The Moon and Nighttime Navigation

I’ve always enjoyed the moon as a beautiful thing in the night sky, but it’s also been a big help when I’ve needed its light to help me travel in the dark. The moon’s reflected light makes full moon hikes and nighttime skiing adventures possible, and it can also be a helpful indicator of general direction. To understand how the moon can help you find north, south, east, and west, see my article on the Survival Skills site: “The Moon and Nighttime Navigation.”

I went through some photos of nighttime adventures and found several in which the moon’s light made either the nighttime more enjoyable or nighttime navigation more possible. Upper left and below, I took a photograph of the crescent moon at Penitente Canyon in Colorado’s San Luis Valley. Penitente is a nice rock climbing area, and I spent the evening of this crescent moon camping out with a friend, cooking under the stars.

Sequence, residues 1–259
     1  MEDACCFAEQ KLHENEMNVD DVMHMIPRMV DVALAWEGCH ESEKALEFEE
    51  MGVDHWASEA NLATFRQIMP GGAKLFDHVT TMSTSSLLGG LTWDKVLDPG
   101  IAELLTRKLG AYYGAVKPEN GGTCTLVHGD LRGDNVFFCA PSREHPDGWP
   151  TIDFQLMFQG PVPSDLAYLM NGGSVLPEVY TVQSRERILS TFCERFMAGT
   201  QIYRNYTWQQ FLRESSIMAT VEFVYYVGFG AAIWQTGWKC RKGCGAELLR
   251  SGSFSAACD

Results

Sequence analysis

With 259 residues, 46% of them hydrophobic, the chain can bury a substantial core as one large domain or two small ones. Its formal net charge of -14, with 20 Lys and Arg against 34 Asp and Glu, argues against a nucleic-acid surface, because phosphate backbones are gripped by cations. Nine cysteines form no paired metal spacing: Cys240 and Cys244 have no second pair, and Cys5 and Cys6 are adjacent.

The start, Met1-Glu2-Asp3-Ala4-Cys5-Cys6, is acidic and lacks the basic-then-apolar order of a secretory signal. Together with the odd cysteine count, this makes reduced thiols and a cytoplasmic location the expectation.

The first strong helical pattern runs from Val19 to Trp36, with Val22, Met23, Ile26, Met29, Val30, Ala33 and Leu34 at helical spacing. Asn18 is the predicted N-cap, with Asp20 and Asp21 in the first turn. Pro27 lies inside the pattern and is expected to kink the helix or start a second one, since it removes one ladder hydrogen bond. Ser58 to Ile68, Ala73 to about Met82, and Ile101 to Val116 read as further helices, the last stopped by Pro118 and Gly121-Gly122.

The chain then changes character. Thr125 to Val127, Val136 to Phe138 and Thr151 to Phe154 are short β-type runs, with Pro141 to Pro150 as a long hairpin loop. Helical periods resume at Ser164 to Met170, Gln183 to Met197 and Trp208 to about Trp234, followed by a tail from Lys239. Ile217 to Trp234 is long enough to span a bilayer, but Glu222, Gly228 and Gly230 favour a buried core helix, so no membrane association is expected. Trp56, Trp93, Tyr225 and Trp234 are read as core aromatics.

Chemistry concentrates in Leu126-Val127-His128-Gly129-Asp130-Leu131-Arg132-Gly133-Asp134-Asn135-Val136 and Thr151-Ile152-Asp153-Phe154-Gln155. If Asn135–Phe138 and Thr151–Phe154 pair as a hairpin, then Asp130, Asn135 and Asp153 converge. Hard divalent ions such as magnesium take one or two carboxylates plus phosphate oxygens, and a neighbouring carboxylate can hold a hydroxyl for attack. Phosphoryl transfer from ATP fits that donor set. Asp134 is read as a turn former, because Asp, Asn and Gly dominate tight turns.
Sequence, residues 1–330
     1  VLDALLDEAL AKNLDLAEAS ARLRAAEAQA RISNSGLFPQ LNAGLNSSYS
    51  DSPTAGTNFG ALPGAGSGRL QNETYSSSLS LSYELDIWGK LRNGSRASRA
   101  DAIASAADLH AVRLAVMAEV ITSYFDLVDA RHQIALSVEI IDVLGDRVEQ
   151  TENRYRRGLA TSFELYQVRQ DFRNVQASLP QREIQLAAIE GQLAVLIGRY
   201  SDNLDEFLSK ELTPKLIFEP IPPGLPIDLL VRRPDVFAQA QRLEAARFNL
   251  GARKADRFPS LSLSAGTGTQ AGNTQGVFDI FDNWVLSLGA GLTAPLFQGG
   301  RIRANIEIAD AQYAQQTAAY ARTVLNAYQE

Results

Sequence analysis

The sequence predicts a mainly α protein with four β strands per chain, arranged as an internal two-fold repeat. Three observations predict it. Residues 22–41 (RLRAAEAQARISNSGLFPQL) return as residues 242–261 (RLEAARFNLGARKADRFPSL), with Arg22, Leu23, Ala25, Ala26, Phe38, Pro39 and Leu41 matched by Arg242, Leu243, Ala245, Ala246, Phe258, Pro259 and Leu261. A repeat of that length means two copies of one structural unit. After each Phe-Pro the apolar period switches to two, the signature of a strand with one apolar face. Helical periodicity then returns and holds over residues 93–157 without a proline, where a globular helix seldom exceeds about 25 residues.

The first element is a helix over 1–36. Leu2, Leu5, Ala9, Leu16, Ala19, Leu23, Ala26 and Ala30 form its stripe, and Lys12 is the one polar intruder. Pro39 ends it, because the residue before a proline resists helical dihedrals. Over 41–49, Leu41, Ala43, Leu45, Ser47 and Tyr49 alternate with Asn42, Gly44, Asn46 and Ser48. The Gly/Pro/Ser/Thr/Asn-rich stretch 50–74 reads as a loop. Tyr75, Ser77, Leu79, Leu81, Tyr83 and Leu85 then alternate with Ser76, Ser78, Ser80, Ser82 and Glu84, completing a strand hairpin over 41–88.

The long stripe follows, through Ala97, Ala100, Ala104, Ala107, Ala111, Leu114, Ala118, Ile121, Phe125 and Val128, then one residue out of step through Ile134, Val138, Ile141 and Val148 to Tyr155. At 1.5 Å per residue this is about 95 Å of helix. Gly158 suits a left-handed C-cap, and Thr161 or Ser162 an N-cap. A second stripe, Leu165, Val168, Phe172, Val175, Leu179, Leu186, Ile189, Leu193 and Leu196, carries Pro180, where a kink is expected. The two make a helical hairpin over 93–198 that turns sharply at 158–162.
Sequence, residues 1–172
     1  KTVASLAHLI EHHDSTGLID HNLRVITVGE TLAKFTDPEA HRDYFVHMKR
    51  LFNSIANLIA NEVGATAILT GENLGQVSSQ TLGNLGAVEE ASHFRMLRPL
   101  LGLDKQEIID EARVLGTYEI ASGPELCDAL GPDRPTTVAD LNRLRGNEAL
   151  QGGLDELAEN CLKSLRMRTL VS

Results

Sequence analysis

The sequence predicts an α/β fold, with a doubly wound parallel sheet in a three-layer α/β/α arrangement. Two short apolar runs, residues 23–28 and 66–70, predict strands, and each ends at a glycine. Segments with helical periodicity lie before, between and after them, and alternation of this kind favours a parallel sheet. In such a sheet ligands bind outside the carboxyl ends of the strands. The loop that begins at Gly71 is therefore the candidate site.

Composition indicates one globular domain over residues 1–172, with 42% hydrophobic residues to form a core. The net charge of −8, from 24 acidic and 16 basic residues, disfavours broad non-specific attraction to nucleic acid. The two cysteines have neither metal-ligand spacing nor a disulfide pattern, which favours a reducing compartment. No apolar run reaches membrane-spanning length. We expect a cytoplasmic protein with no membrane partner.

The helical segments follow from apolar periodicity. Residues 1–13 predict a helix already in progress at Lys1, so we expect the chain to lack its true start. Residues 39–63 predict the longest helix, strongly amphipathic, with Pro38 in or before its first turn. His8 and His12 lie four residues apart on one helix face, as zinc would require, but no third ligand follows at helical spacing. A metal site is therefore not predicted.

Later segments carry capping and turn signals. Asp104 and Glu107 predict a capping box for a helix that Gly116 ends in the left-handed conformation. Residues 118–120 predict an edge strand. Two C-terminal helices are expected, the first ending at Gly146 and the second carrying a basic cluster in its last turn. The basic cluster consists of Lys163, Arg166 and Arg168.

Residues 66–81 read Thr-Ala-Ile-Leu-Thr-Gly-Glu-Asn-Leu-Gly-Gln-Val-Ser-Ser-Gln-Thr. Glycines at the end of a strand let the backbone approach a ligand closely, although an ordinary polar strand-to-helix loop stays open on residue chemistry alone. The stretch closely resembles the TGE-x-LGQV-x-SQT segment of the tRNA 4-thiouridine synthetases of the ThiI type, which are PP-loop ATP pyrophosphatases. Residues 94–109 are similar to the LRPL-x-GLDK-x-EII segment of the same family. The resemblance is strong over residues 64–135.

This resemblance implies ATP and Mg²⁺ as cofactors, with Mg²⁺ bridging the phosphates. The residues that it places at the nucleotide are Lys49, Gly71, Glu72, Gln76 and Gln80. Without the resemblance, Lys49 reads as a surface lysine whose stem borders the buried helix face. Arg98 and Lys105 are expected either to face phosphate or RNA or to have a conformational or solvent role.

I probably like crescent moons more for their beauty than any other type of moon. Full moons are nice because they offer a lot of light, but crescent moons are just cool. I took the photo of the crescent moon below on the border of Colorado’s San Isabel National Forest, near Leadville. As I lived in a backcountry cabin in this area for four months, I often relied on the light of the moon to guide me home.

One more cool thing? A lunar compass. If, for some reason, you’re stuck out without a compass, and you need some more clues about how to navigate at night, check out this YouTube video, which explains how to use a stick and the moon’s shadows to determine general direction:

Want to read more about the moon and navigation?
Click here to read my article on the Survival Skills site:
“The Moon and Nighttime Navigation”
Sleeping outside under the moon and stars can be a beautiful thing, but if you’re lost at night, you’re probably less concerned about the night sky’s beauty. Instead, you want to know how to use it to guide you home…click here to continue reading

Photos © Traci J. Macnamara.

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